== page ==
Friday, March 9, 2012

The Yellow House a read a long... Part One


Carrie over at Books and Movies is our hostess for The Yellow House  read-along by Patricia Falvey. If you’re following our schedule, you should have read the first two sections of the book: “Glenlea, County Armagh, 1905″ and “Queensbrook Linen Mill, 1913.” 
Spoiler alert: We will be discussing the book in detail, so if you haven’t read those sections and don’t want to read any spoilers, you should skip this post.

What do you think of the writing?
I'm thoroughly enjoying the writing of this portion of the book. I find it easy to read and hard to put down.  I've not yet mastered the art of reading more than one book at a time so I'll be having a difficult time this week waiting for the next post.  I love the vivid descriptions of the landscape, and I do believe that parents told their children long drawn out tales of the geographical and historical aspects of their existence .  My mother could have easily been one of these people, we use to get some really action packed stories about the who's who and where and why for.  Were they the real thing? don't know, but like Carrie I agree that a young girl with a father who seemingly was not all that learned could know the correct terminology.  this didn't seem to bother me all that much, I just thought it was an author's creative license.  Non the less I've enjoyed the book to this point..
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What do you think of Eileen’s parents?

 I'm saddened by this whole relationship.  I mean I knew that there had to be some drama, but how unfortunate.  I was half expecting this Irish family to be on the dole ( not sure of the spelling) and the father being a drunk and abusive, so it was a nice change that this Da actually loved his wife and children, and was just not very capable at providing for them.  The whole thing is just sad.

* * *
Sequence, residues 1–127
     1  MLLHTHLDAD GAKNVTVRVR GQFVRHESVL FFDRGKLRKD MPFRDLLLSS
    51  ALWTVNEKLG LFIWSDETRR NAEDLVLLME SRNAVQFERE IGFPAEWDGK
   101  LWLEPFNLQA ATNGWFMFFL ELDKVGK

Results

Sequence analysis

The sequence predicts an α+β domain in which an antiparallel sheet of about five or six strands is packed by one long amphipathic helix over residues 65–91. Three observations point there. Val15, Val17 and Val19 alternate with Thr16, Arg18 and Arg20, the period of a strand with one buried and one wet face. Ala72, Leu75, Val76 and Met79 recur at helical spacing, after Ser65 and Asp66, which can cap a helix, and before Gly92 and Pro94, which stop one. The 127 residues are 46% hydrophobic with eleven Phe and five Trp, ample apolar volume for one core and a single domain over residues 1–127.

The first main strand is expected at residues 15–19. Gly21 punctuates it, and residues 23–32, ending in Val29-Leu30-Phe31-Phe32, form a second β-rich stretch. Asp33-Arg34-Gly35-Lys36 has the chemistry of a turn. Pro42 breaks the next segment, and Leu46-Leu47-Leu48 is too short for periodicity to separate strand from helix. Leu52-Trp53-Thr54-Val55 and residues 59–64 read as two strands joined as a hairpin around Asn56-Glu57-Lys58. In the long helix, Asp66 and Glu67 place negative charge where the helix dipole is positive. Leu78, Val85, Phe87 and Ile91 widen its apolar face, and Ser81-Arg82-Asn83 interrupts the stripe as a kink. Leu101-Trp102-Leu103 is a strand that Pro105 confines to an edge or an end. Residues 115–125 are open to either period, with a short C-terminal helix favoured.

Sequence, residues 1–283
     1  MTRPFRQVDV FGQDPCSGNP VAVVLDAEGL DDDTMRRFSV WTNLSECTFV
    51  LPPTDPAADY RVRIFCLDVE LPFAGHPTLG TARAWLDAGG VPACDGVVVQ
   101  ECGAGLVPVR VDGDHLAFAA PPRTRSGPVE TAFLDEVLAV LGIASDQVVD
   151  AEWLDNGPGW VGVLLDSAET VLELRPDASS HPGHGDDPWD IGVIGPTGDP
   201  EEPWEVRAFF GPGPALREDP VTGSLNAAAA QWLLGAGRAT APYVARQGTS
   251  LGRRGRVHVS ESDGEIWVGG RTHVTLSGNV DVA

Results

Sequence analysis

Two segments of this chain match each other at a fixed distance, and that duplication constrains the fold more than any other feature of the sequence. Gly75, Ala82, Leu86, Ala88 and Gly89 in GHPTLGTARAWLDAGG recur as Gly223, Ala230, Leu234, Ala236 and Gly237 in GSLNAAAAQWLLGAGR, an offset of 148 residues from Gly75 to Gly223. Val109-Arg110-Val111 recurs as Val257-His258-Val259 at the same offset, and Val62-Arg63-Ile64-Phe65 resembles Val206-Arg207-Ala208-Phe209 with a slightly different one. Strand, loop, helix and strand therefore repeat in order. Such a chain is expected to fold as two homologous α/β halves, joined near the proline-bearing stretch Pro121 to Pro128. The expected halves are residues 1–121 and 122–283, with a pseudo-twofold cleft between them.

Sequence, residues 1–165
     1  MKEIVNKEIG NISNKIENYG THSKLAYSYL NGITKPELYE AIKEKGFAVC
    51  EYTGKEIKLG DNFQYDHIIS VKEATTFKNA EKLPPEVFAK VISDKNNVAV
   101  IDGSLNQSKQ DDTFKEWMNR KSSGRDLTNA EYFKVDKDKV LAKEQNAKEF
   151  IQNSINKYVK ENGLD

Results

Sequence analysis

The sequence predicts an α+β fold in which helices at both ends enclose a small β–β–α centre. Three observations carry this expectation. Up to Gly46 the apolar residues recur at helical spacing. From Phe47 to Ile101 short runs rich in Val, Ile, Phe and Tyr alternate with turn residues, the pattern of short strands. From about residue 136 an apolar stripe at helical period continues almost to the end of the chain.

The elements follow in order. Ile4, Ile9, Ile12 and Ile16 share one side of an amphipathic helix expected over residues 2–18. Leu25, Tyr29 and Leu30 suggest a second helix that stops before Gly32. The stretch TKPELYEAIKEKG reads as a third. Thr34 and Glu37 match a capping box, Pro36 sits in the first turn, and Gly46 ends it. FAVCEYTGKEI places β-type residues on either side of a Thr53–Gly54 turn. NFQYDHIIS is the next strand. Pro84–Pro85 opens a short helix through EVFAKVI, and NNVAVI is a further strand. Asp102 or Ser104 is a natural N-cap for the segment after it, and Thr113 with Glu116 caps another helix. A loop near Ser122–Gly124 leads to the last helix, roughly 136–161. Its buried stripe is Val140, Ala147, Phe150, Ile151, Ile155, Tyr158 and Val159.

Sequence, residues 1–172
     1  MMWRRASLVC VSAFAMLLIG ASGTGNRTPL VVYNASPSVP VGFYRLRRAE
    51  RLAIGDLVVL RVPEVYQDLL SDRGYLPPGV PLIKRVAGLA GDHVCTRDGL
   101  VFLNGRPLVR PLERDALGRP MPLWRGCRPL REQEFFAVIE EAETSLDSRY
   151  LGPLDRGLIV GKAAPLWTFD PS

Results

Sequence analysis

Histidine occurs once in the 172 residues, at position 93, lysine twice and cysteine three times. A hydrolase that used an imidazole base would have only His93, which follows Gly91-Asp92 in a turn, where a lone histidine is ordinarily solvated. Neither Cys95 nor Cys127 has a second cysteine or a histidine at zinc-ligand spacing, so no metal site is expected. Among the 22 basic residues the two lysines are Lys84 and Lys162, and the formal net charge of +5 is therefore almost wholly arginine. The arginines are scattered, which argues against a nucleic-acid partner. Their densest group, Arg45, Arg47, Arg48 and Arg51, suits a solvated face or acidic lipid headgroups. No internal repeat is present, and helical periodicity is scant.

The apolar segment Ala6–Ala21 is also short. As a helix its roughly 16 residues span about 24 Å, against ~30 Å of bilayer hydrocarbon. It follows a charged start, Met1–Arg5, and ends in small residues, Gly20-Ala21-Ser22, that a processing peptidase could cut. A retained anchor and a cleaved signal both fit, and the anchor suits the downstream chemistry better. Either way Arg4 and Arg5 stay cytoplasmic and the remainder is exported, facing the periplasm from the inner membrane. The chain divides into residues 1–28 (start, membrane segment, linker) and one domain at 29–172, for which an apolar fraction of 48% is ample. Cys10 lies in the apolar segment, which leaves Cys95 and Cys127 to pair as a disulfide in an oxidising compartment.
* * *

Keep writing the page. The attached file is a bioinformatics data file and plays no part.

It seems that the book is heading in a romantic direction when it comes to Eileen and Owen Sheridan. What do you think of this potential romance?

This is a romance with true troubles ahead!  I may actually have to sit down and map out the relationship according to my professors guidelines.  I hope they have the good sense to move to another part of the world like the U.S. to be together if that's where the author leads them, but if not it will be an unrequited love. Reminds me a little of the movie An Officer and a Gentleman.   If they decided to fight society and remain in their homes it may be history repeating itself.
Of coarse for me after having just finished reading Water for Elephants, I want everyone to run away and join the circus.

As we closed the second section, the world is on the brink of the First World War, and Ireland is being torn apart by the fight for Home Rule. Have you learned anything about Ireland or the world at this time period that was new to you?

 I'm not very knowledgeable about Irish history, so I am glad that the author is giving us glimpses of what was happening, again I feel like I need to do a little more research into this matter, but Yes, I am learning a fair bit about the historical aspect of Ireland in relation to their involvement in the war.
These are all the questions  Carrie came up with  for this section. Check out what the rest of the group have to say at Books and Movies  and if you haven't joined us, there is still time. 

Photo of book I own.

4 comments:

Carrie K. said...

Thanks for posting! I agree with you about the relationship - I can't imagine it working if they stay there. And could Eileen ever give up her dream of living in the Yellow House again to run off with a man?

On a side note - I loved Water for Elephants!

Sara Kovach said...

Love the connection with the romance to An Officer And a Gentleman. You are so right. I think they'd have to leave too. But, history does have a tenancy to repeat itself!!!

Donna said...

I read the book a month or so ago. The historical vantage point was quite interesting to me. There are some really sad, sad parts to this book, but I did admire some of Eileen's spirit!

Serena said...

I agree with Carrie and You, I doubt that Eileen could give up her dream of living in the Yellow House again just for a man!

Saturday Snapshot... tea cup

This is a teacup my aunt Julia gave me,  it's very gold.  When we were very young, my sisters and brother and I, all went to Polish ...